Following the data integration phase, identifying and resolving territory issues required using many of ArcGIS Desktop software's geoprocessing tools to study spatial parameters, including issues relating to access, allocation, proximity, adjacency, and containment. The territory analysis required mapping existing affiliate group boundaries and members' home locations to identify territory overlap. This was accomplished by using ArcMap to create individual map layers for each territory, overlaying the maps, and having the software highlight ZIP Codes contained in two or more territories.

To make the maps easy to understand, a data classification and color scheme was developed with ArcGIS Desktop software's many tools for analyzing data distributions and preparing data for mapping. When the map layers were overlaid, it became easier to visualize the pattern of ZIP Codes belonging to more than one territory. This allowed ACHE regional directors and chapter organizers to focus their efforts on resolving the issue of overlapping areas. After identifying all overlapping ZIP Codes, an overlapping ZIP Code was allocated to one of several neighboring territories, ultimately making it unique to one chapter only. This decision was based on various chapter characteristics such as hospital service areas, membership home addresses, and access distance. This phase of the project required two additional data development and GIS analysis steps. First, 120 existing affiliate locations were geocoded, placing points on the map showing the physical location of each affiliate's headquarters. To determine to which territory to allocate a ZIP Code, the distance to an affiliate's headquarters was used as one selection criterion. Second, distance contours were generated at 25-mile intervals up to 100 miles around each affiliate's headquarters, giving map users information on the distance to an affiliate's location.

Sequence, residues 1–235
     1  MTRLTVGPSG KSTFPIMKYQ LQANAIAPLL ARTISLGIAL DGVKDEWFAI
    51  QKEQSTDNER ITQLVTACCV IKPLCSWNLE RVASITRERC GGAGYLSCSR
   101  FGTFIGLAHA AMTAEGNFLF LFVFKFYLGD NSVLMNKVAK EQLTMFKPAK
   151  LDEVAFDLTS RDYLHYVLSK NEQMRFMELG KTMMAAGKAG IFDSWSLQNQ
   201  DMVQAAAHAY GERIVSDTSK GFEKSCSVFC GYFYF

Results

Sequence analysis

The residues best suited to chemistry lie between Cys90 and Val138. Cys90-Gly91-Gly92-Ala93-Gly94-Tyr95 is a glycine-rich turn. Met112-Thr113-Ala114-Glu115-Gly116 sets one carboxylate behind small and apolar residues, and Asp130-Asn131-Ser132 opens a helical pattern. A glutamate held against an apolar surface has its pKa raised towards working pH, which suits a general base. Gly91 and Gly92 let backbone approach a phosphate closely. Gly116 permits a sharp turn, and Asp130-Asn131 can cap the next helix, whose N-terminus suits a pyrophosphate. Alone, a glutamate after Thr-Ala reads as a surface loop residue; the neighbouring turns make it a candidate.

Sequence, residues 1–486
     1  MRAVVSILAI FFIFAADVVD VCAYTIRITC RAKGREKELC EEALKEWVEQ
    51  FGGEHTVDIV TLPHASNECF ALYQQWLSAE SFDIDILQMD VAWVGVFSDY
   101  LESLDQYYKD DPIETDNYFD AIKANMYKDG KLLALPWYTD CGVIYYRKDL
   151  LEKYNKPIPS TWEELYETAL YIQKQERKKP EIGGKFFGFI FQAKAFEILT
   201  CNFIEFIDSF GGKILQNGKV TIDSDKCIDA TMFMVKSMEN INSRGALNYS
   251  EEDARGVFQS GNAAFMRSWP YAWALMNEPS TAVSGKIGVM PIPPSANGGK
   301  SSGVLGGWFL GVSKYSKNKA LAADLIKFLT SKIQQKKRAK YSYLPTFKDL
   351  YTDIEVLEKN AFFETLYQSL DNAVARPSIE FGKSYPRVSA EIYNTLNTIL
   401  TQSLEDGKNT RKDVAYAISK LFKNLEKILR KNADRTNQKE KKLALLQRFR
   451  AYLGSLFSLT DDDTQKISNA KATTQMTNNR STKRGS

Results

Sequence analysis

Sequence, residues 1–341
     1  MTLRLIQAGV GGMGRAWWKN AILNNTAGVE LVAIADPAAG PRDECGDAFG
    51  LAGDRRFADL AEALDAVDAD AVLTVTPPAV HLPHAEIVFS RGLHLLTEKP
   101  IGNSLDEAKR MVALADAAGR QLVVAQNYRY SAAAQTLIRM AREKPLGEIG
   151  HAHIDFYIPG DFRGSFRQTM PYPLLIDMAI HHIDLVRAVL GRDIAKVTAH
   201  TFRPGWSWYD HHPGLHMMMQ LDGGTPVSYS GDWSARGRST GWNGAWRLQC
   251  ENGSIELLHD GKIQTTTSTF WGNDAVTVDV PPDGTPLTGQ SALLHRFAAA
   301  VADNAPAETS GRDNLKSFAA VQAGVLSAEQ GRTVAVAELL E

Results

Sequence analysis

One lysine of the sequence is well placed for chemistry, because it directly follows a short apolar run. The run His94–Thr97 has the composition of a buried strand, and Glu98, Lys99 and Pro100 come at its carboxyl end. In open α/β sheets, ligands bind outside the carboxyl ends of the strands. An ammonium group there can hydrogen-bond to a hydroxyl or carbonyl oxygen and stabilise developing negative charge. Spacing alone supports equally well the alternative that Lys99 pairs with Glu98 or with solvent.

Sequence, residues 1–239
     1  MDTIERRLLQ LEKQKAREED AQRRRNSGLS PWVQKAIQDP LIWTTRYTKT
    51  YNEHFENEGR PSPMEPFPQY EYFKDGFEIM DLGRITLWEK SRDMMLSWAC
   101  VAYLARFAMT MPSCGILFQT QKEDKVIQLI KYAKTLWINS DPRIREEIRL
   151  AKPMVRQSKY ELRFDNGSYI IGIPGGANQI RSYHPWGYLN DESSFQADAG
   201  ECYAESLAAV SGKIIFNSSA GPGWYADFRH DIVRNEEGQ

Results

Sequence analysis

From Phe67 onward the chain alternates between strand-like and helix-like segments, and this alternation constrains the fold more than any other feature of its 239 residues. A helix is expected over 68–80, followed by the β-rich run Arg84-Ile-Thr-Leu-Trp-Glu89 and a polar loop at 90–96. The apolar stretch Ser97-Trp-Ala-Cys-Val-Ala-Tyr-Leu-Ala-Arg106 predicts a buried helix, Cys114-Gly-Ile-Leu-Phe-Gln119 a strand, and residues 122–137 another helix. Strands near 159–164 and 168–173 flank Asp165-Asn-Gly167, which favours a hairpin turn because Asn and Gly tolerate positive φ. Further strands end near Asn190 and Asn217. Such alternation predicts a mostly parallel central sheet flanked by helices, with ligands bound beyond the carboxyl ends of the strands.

The final phase was to map an affiliate's new market area, reflecting agreed-upon territory boundaries as identified in each new ACHE corporate charter.

Results

GIS technology made it possible to solve very complex problems throughout this project. The negotiation process for resolving territory boundary disputes was an ongoing process over a period of several months. At the regional level, existing affiliate groups were required to negotiate mergers among themselves before submitting a proposal to regional directors in Chicago. Once the proposal was submitted, Chicago staff would review it against territory criteria. GIS helped streamline the process, making it possible to make quick decisions and, in some cases, resolve issues the same day. Territory disputes were analyzed during morning conference calls, issues were discussed and resolved in a matter of hours, new maps reflecting boundary changes were made, and the maps were redistributed by e-mail in the afternoon.

For more information, contact Thom Freyer, vice president of Regional Services, ACHE, Chicago, Illinois (e-mail: tfreyer@ache.org), or Ross Capaccio, röös design + consulting (tel.: 847-635-4752, e-mail: rcapaccio@roosdesign-consulting.com).